Cosby Can’t Put Lid Back on Quaalude Admission

     (CN) — The Third Circuit refused Monday to let Bill Cosby reseal a damning deposition in which the comedian admitted to buying quaaludes to give to women before having sex with them.
     Cosby made the startling admission in a 2005 deposition while battling civil charges that he drugged and raped a woman named Andrea Constand at his home in Cheltenham, Pa.
     Though Cosby quickly settled with Constand, interest in the sealed case gained momentum after a decade when comedian Hannibal Buress went viral with a stand-up bit revisiting the claims.
     Dozens of women with stories like Constand’s came forward in the following months, describing encounters at odds with the Dr. Huxtable image dating back to the 1970s.
     The Associated Press was among news outlets that began researching how Cosby handled the past claims, and U.S. District Judge Eduardo Robreno granted its request for the Constand transcript last year, saying Cobsy had forfeited any privacy interest by clinging to his clean image.
     “This case, however, is not about defendant’s status as a public person by virtue of the exercise of his trade as a televised or comedic personality,” Robreno wrote. “Rather, Defendant has donned the mantle of public moralist and mounted the proverbial electronic or print soap box to volunteer his views on, among other things, childrearing, family life, education, and crime … he has voluntarily narrowed the zone of privacy that he is entitled to claim.”
     Widespread reporting of the deposition soon inspired Pennsylvania reporters to revisit Constand’s criminal case against Cosby.
     To date, Constand is the only Cosby accuser to hurdle the statute of limitations. The trial is expected to begin this fall, and Cosby’s deposition will feature heavily.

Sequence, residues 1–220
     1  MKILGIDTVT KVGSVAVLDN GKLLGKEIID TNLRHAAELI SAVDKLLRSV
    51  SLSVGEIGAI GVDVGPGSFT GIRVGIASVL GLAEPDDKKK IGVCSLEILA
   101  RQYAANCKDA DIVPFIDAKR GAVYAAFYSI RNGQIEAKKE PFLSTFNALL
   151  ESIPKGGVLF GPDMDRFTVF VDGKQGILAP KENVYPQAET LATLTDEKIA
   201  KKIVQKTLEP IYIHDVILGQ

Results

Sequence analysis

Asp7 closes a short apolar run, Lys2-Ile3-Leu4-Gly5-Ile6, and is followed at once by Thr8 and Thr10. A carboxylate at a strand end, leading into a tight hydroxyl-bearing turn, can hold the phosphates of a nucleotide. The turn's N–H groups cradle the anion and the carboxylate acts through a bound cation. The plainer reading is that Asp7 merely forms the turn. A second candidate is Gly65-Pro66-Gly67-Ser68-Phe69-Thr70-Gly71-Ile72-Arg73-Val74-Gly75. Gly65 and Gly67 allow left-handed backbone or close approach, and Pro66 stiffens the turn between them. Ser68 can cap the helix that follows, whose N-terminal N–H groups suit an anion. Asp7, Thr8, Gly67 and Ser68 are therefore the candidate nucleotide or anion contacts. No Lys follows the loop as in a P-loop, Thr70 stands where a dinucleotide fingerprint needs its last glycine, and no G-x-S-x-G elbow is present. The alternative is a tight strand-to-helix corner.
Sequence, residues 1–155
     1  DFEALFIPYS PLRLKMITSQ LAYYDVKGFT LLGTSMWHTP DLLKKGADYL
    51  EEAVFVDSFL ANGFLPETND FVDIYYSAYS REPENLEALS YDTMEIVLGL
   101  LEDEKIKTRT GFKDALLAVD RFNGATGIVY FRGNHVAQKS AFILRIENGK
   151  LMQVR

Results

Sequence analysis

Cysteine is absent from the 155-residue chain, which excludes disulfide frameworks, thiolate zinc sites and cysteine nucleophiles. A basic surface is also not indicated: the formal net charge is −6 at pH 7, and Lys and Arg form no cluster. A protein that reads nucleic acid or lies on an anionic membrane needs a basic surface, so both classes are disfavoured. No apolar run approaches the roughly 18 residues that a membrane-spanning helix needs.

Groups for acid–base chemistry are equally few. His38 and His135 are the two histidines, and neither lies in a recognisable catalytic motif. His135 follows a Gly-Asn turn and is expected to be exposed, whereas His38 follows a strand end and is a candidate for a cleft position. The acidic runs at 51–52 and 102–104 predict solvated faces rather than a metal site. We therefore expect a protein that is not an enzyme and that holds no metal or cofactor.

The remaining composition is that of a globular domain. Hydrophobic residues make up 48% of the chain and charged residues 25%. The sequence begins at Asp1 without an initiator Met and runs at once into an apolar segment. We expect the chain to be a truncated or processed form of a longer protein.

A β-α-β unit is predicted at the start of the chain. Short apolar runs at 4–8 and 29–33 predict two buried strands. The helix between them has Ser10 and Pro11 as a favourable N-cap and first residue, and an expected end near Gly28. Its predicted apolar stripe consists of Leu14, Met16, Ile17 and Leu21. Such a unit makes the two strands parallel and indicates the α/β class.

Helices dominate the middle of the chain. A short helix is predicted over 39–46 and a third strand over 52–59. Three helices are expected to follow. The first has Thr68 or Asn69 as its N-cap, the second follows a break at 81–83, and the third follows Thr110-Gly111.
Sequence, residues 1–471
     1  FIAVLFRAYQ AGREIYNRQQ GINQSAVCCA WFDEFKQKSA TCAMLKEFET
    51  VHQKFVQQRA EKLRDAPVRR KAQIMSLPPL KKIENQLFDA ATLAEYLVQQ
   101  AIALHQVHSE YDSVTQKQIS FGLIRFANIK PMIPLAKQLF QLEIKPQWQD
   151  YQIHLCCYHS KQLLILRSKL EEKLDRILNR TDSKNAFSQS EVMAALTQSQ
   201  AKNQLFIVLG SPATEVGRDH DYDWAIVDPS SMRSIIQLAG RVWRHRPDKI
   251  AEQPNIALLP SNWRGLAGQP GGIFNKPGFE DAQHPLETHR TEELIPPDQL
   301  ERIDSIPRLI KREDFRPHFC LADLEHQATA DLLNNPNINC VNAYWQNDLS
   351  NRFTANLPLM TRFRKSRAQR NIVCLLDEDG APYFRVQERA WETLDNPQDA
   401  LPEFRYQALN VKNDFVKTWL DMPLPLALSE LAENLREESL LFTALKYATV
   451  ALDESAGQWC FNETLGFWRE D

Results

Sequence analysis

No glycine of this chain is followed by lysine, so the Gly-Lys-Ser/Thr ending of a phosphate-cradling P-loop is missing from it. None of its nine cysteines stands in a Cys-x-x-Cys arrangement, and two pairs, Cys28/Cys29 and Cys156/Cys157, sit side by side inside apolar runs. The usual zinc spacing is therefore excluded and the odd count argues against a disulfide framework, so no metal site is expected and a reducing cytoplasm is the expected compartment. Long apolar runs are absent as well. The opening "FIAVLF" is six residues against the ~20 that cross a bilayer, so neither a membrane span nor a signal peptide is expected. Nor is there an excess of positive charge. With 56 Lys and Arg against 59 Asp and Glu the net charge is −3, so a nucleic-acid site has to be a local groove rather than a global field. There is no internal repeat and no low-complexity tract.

A three-judge panel the Third Circuit rejected Cosby’s appeal to reseal the deposition Monday.
     “The contents of the documents are a matter of public knowledge, and we cannot pretend that we could change that fact by ordering them resealed,” U.S. Circuit Judge Thomas Ambro wrote for the Philadelphia-based federal appeals court.
     The documents reveal a particularly acrimonious dynamic between Constand and Cosby’s respective attorneys in 2005. Most of the unsealed files relate to motions to either seal the deposition transcripts or make them public.
     In support of a motion to sanction Cosby’s lawyer, Constand’s lawyers provided an alleged instance of attorney obstructionism during a deposition of Cosby in which Patrick O’Connor, Cosby’s lawyer and a founding partner of the Philadelphia law firm Cozen O’Connor, instructed Cosby not to answer.
     “When you got the quaaludes, was it in your mind that you were going to use these quaaludes for young women that you wanted to have sex with?” Dolores Troiani, one of Constand’s attorneys, asked Cosby, according to the transcript.
     “Yes,” Cosby said.
     “Did you ever give any of those young women quaaludes without their knowledge?”
     “Object to the question,” O’Connor said. “Restrict it to Jane Does, would you please.”
     “No, I will not,” Troiani said.
     “Do not answer it,” O’Connor instructed Cosby.
     Given the intense public interest in this case, Ambro said there was little the court could do to protect Cosby’s privacy interests at this junction.
     “When it comes to public awareness of the documents’ contents, the feathers of the pillow are scattered to the winds; nearly everyone in America (and many more around the world) with access to a computer either know what Cosby has admitted to doing or could find out with a few clicks, and this will remain true even if we order the documents resealed,” Ambro said (parentheses in original).
     Insofar as an order resealing the documents would better position Cosby to argue in court that the documents are inadmissible, the appellate panel said such an argument essentially asks for an advisory opinion, which is forbidden.
     “We cannot issue an advisory opinion simply to ‘make clear’ to the news media that the District Court’s order does not entitle them to access any documents beyond those already unsealed,” Ambro said.
     The panel said it would leave the question of how to balance significant public and private interests for another day.
     “Our decision merely recognizes the limits of our own power in this case,” the panel concluded.
     Cosby’s court defeat today comes just weeks after withdrawing his contract case against Constand.

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